“any suggestion that UK social services should be extended to Malta would impose a burden on the UK Exchequer which seems to be quite unacceptable.’


Subsequently, the Treasury estimated the costs of extending British social services and scales of expenditure to Malta at £10 million per annum, which in turn stimulated fears that other colonial territories would seek similarly favourable treatment as well.


The Suez Canal crisis with the failure of the British naval operation was probably the final blow to the prospect of integration. It highlighted the reduced military importance of Malta for the British in the Mediterranean. The British fleet sailed from Malta towards Egypt to reverse the nationalisation of the Suez Canal Company in July 1956 by Egyptian President Gamal Abdul Nasser. The abject failure of the venture, coupled with doubts about whether a similar expedition could be mounted in the future, undermined Malta’s perceived importance. Furthermore, a 1957 UK defence white paper heralded a greater reliance on nuclear deterrence and concomitant reductions in conventional forces. Such a fundamental change in British policy inevitably affected Malta’s defence economy.


As the Maltese deputy prime minister, Guzé Ellul Mercer, told Minister of Defence Duncan Sandys, ‘whereas the British economy was not based on defence, in Malta, reductions in defence expenditure attacked the very foundations of the Island’s whole economy’.


In response to these developments, Mintoff resigned in December of 1957 and introduced a motion in Malta’s legislative assembly, declaring that the Maltese people were ‘no longer bound by agreements and obligations, and by those so far assumed towards their allies – until the British Government gives a guarantee that the number of their employees in Malta will not diminish before there is alternative employment for those discharged’. Justifying this drastic action, Mintoff dwelt on Britain’s alleged failure to honour a commitment made in July 1955 to avoid unemployment, diversify the economy and raise Maltese living standards. He explained that the government placed great importance on the dockyard issue because it was a ‘matter of the daily bread of the people’. The ‘break with Britain’ motion, as it became known, had profound repercussions on Anglo-Maltese relations in general and the integration proposal in particular.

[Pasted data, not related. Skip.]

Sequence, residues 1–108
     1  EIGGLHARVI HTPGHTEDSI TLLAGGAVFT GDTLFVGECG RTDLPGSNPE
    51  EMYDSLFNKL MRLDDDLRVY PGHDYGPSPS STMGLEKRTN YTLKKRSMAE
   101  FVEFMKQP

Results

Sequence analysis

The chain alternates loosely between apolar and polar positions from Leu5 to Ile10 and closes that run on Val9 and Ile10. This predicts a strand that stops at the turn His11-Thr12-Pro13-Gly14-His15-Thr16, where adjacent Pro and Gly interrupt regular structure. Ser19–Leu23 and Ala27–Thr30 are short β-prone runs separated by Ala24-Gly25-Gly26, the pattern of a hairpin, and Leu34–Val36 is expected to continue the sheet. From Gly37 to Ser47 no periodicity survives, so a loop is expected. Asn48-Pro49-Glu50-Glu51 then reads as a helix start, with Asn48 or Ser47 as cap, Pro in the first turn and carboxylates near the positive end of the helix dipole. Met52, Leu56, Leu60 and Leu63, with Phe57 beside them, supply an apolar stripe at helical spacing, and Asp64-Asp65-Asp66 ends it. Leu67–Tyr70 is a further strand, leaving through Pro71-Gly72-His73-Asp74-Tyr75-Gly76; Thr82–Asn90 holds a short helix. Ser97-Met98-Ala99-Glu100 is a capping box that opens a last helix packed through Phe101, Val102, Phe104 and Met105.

Towards the beginning of 1958, Mintoff expressly told the commander-in-chief for the Mediterranean, Sir Charles Lambe, that regarding integration, he had lost faith in the British Government’s intentions and that this left ‘only the alternative of Independence’.


The attempted incorporation of Malta into the United Kingdom remained unique in terms of the degree of British support for the scheme and how close it came to succeeding. Initial British backing for integration stemmed from the failure of the 1947 constitution to create stability and a cooperative environment necessary to preserving Britain’s imperial interests. Equally, support for integration reflected long-held British assumptions that Maltese dependency on mainland Britain ruled out the achievement of full independence. Mintoff, by contrast, saw integration as a means by which he could raise the living standards of the Maltese to a British level through the doctrine of ‘economic equivalence’. The differing objectives of the two sides towards the integration experiment were central to its ultimate failure. Mintoff’s determination to achieve equivalence as the price of integration clashed with the British government’s concern to restrict its economic and financial liabilities towards Malta. Increasingly bitter disputes over the costs of integration poisoned the goodwill necessary to bring the scheme to fruition. Mintoff’s ‘break with Britain’ motion at the end of 1957 marked the parting of the ways between the two sides. After a period of direct rule, Malta conformed with a wider pattern of British decolonisation, following a conventional path to independence within the Commonwealth by September 1964.